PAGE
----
Created by comics legend Bill Everett, John Aman was a orphan who was taken in (read: chosen) by the Council of Seven, a group of benevolent Tibetian monks. Aman underwent years of grueling training as each monk imparted his talent on the youth. By the time Aman was 25, he had super-strength, invulnerability, and the ability to turn himself into green mist -- all which came in handy when the monks sent him out into the world to use his amazing abilities to do good. (This last talent also gave him the name The Green Mist.)
Amazing Man appeared in 22 adventures from September 1939 to January 1942 in Centaur Publications' Amazing Man Comics #5-26. After two years, Everett stopped drawing the comic, after which the duties fell to "Sam Decker," presumably a pseudomyn for the Glantzman brothers. (The brothers -- Sam, D.C., and Lew -- were all comic book artists. I do not know which of these -- if any -- were behind the "Sam Decker" name, although Sam Glantzman is credited with writing text stories and doing incidental art for Amazing Man Comics.) For his last four issues, Amazing Man was given a sidekick, Tommy, The Amazing Kid.
Amazing Man wore blue mid-calf boots, tight trunks, and crossed blue suspender straps with a large red badge at the center -- the badge, of course was emblazoned with the letter A. The entire costume was designed to show off his magnificent body. Tommy is dressed much the same, but instead of a bare chest and suspenders he wears a long sleeve white top with a large "T" on the front. Warning: Too Much Information Ahead! Though seldom shown in great detail, the outfits seem designed to show off their junk, a la Anthony Weiner.
In this issue, Amazing Man and Tommy go against the mad scientist Dr. Mord, who has come up with a way to command vultures to attack and kill Wyoming miners before they can claim their gold strikes. (See, this way Mord can claim the mines for himself and use the gold to increase his vulture horde by the millions and take over the United States. Who said evil scientists aren't crafty?) After killing miner John Worth, Mord sends his vultures after Worth's lovely daughter Gladys. Luckily our superheroes (whose powers seem to include flight) arrive in time, "Like human bombs amazing Man and Tommy crash thru the door." (Minor point here: the panel shows them crashing through the roof.) While Tommy stays behind to protect Gldys (sometimes spelled as Glayds -- editing and proofreading were never strong points during the Golden Age of Comic Books), Amazing Man goes after Dr. Mord's mountain lair. Amazing Man rips open a steel door and finds a huge shaft leading up to Mord's laboratory. Mord has only one vulture left and he coats the bird's talons with cobra venom and has it attack Amazing Man but our hero keeps on coming, so Mord pulls a knife, only to have a table thrown at him. By this time the cobra venom is beginning to work and Amazing Man weakens so Mord uses his "dehydrator pistol" on him. In the meantime, Amazing Man transforms into green mist but the dehydrator pistol brings him back to his human shape and the half conscious hero falls to the huge shaft. This has merely stunned our guy so Mord pushes the body into a pit filled with giant man-eating crabs. As every ten-year-old reader of superhero comic knows, seafood is no match fo someone on the side of truth and justice. Amazing Man flies out of the pit and out of the adjoining shaft and Dr. Mord falls down the shaft and ...SPLAT! It's all over but the destruction of Mord's lab, which Amazing Man quickly handles.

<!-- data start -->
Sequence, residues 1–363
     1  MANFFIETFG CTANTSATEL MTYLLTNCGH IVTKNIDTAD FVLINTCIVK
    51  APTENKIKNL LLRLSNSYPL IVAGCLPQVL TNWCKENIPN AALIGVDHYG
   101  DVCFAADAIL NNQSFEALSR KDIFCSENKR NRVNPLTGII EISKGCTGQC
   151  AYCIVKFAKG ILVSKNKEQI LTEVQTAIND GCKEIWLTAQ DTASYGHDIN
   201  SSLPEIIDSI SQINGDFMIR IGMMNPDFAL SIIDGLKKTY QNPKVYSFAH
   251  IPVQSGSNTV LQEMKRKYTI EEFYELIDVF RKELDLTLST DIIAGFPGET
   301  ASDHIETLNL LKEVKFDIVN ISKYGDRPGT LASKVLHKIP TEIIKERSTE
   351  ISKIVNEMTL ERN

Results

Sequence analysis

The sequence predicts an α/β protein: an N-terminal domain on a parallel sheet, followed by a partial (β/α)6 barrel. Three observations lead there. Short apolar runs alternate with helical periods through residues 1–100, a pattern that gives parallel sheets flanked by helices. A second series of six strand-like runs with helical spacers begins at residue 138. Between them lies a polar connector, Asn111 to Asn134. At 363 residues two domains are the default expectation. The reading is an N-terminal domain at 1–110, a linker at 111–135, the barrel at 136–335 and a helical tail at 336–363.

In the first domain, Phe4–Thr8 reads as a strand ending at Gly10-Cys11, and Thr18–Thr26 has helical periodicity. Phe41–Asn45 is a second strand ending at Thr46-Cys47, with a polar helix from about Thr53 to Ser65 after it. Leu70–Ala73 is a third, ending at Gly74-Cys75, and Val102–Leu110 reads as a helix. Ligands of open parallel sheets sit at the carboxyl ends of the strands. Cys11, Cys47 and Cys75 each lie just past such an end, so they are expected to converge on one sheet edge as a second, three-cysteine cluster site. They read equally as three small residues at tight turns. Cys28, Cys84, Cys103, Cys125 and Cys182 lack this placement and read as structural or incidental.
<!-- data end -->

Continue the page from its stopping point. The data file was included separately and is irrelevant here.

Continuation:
This was the last adventure of Amazing Man for Centaur Publishing. (He had also appeared in five issues of the company's Stars and Stripes in 1941.) After he and other Centaur characters entered into the public domain, Amazing Man appeared in 19 issues of Malibu Comics' Protectors (1992-1995), in a six-issue arc -- John Aman Amazing Man -- from Gallant comics (1984-85), and in to issues of Dynamite entertainment's Project Superpowers (2008). The character also inspired DC's Amazing-Man, Marvel's Iron Fist (and actually turned up as a villain in an early incarnation of that title), Marvel's The Green Mist of Death, and Charleton Comics' Pete Cannon, Thunderbolt.
Amazing Man Comics #26 has a lot more than just the titular hero, especially a chapter in the fantastic adventures of Space Patrol Pilot Meteor Martin by Basil Wolverton -- "Meteor Martin and the Monsters of Gorokin," to be continued in the next issue of Stars and Stripes). Also included is the origin story of The Electric Ray, an adventure of The Blue Lady where the villains are wearing KKK type hoods, a tale of Hobo Harper (who leads a nation-wide gang of hobos out to help those in trouble and need; this time the bos are against a one-eyed whack job who has kidnapped ten men to sacrifice to the Moon-God idol), the origin story of the King of Darkness (who has invented an anti-gravity device, as well as a machine that can eliminate light), as well as the final appearance of nightshade, the man who can control shadows.
A great issue.